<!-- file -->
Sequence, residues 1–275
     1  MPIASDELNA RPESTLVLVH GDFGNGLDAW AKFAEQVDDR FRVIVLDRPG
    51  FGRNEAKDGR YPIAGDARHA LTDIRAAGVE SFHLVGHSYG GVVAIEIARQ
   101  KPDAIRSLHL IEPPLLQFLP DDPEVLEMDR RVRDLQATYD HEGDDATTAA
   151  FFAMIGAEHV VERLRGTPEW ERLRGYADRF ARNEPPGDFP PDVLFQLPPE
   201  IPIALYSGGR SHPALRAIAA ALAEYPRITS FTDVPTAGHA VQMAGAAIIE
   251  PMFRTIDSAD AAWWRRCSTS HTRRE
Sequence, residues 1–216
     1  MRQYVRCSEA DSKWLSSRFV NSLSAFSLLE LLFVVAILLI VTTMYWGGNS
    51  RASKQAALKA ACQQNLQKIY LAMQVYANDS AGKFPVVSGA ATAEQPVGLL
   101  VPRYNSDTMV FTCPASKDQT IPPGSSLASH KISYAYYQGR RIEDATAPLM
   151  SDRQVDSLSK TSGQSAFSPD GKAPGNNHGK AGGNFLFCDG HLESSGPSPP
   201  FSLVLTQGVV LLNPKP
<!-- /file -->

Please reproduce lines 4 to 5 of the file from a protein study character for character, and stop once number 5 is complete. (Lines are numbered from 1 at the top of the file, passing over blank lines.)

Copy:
   101  KPDAIRSLHL IEPPLLQFLP DDPEVLEMDR RVRDLQATYD HEGDDATTAA
   151  FFAMIGAEHV VERLRGTPEW ERLRGYADRF ARNEPPGDFP PDVLFQLPPE